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On Tuesday, as I reported, the voters in Michigan went to the polls to vote on a sales tax increase aimed in part – but only in part – at repairing the state’s disintegrating roads. The turnout was far larger than I expected. Something like one voter in four actually showed up – and the results were a sharp rebuke to Governor Rick Snyder and the Republican establishment in Michigan. Although the Republicans scheduled this vote at a time when only those guaranteed to profit from the measure were apt to be paying attention — and although the road-building lobby outspent the opposition by more than twelve-to-one — the voters rejected the initiative four-to-one. This was the most resounding defeat for a ballot initiative since the current Michigan constitution was adopted in 1963. If Snyder and his not-so-merry men were up for reelection tomorrow, they would be voted out in a landslide. That is what happens when a political party betrays its base.
Of course, Republican voters are used to being betrayed. Republican candidates nearly always tout their conservative credentials. They oppose abortion, they criticize tax increases, they whine about government regulation. But when push comes to shove, very few of them ever do anything for their constituents.
The ballot measure we voted on yesterday was a bipartisan measure supported by the establishment in both parties. Its defeat is a rebuke to Rick Snyder and the Republican leaders in the legislature. But it is also a defeat for the Democrats. It is, in fact, a rejection of the politics of compromise – in which the Republicans get a little something for the business community and the Democrats move us further down the road of total government control. The thing to keep in mind is that the hand in your pocket is not just there for money. That money is the means for micro-managing your life. As I have pointed out frequently in the past, the public provision of medical care will bring with it a requirement that Catholic hospitals perform abortions.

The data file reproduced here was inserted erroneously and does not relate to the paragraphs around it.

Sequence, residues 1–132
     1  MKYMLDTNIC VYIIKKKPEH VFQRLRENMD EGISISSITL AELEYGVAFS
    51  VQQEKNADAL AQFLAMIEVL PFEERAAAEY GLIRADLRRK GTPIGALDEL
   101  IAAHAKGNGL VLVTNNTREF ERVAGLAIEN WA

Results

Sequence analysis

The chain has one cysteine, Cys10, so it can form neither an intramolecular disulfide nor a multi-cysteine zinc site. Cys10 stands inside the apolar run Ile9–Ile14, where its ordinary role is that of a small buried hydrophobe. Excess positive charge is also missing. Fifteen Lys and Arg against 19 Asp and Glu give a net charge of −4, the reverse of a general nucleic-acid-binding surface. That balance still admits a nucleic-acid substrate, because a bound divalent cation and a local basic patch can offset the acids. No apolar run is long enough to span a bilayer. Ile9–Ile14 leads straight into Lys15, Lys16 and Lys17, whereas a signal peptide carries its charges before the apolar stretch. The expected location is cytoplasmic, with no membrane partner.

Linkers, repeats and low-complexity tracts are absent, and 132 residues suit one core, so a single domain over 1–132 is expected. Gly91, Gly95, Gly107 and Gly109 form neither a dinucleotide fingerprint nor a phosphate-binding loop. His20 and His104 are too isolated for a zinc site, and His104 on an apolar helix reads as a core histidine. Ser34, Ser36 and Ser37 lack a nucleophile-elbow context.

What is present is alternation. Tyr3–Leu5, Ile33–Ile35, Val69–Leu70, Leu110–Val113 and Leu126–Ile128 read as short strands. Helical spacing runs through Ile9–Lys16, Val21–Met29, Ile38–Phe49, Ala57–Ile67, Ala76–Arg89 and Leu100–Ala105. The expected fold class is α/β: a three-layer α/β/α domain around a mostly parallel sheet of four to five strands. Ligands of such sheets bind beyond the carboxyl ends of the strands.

Michigan’s Republicans can take this as consolation. They are not up for reelection right away. They have time to set things right. Whether they will do so remains, however, unclear. I wrote to my state representative and state senator (both Republicans) this morning as follows:
I voted for you both when you were up for election. Like many of your constituents, I am not happy with what you tried to do on Tuesday. If you want to know why the Republican Party in this state is apt to go down in flames the next time the voters have an occasion to exercise their judgment, you might want to read the blogpost I put up yesterday: http://ricochet.com/taxing-time/.
The good news is that you have enough time in which to redeem yourselves. But to do so you will have to cut programs less important than roads. The Democrats will scream bloody murder if you do, but that might attract voters to your party. Otherwise, you are toast.
Best, Paul Rahe
From the latter, I received the following reply a few minutes ago:
I respectfully reject your notion of having to ‘seek redemption’.
There was no ‘doing to’ anyone. One of the wonderments of our nation, the right and ability to vote, especially on big issues, is precious.
[Name removed] had nothing to do with the ballot proposal, so your admonishment to him is inappropriate.